Over the years I’ve done quite a bit of scripting. Many of those scripts SELECT, INSERT or UPDATE a SQL database. The other day I was looking at my tables and realized I didn’t know what (or if) some of them were used for and I didn’t have very good documentation either. I decided to start making some documentation and thought the best place to keep the information would be as a new table in the database itself — that way I wouldn’t need to look too hard for it. I created a new table which contains a list of other tables, a description of what the data is for, a contact email address and a column for a list of systems/scripts that either use or update the data. Useful information, but rather basic and doesn’t really warrant a blog post…
Here is the creative part. I needed a system to track and notify when a table was added to the database but not added to my documentation. First we start with a rather simple select statement that I found with a bit of googling. This select statement returns a list of tables, when they were created and the number of columns in the table:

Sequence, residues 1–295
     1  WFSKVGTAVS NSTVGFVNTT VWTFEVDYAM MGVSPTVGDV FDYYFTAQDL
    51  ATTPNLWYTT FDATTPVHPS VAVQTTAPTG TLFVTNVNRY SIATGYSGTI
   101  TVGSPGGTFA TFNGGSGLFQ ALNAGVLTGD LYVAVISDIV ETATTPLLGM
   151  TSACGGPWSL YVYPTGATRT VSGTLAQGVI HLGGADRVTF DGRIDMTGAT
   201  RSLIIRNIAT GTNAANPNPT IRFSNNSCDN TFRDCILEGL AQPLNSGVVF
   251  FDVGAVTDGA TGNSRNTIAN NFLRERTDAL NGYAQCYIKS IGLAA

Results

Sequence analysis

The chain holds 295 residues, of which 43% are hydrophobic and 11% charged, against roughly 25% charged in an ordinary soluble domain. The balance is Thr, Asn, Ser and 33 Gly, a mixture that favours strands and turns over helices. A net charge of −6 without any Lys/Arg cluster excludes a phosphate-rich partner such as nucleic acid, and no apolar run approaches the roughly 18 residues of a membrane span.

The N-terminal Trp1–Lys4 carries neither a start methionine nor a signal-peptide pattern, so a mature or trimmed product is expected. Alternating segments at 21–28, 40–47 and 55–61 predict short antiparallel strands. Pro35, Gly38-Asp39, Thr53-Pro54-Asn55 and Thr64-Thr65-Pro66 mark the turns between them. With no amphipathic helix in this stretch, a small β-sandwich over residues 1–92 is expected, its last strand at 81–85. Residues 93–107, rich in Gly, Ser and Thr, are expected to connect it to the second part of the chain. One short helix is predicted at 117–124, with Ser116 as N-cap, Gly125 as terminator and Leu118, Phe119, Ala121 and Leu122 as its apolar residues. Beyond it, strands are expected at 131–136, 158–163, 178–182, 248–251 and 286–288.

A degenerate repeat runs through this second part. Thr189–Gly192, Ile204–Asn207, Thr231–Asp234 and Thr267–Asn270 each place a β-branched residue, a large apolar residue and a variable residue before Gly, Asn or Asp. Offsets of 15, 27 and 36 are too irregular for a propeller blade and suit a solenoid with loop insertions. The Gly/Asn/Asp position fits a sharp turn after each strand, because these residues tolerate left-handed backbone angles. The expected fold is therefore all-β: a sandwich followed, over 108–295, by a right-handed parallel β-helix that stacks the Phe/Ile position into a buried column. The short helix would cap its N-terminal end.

SELECT name, create_date, max_column_id_used FROM sys.Tables
Once we have this information, we use my favorite WHERE clause to make it better — NOT IN! The following select statement is just like the one above, only in the where clause we filter out only the tables that are not in the new documentation table:
SELECT name, create_date, max_column_id_used FROM sys.Tables WHERE name NOT IN (SELECT distinct(tableName) from tblDatabaseDocumentation) ORDER BY name
I then created a scheduled task to run daily that executes the above SQL statement. If there is one or more results I get an email notification. This reminds me to update my documentation or find out who created the table and remind them to document their work.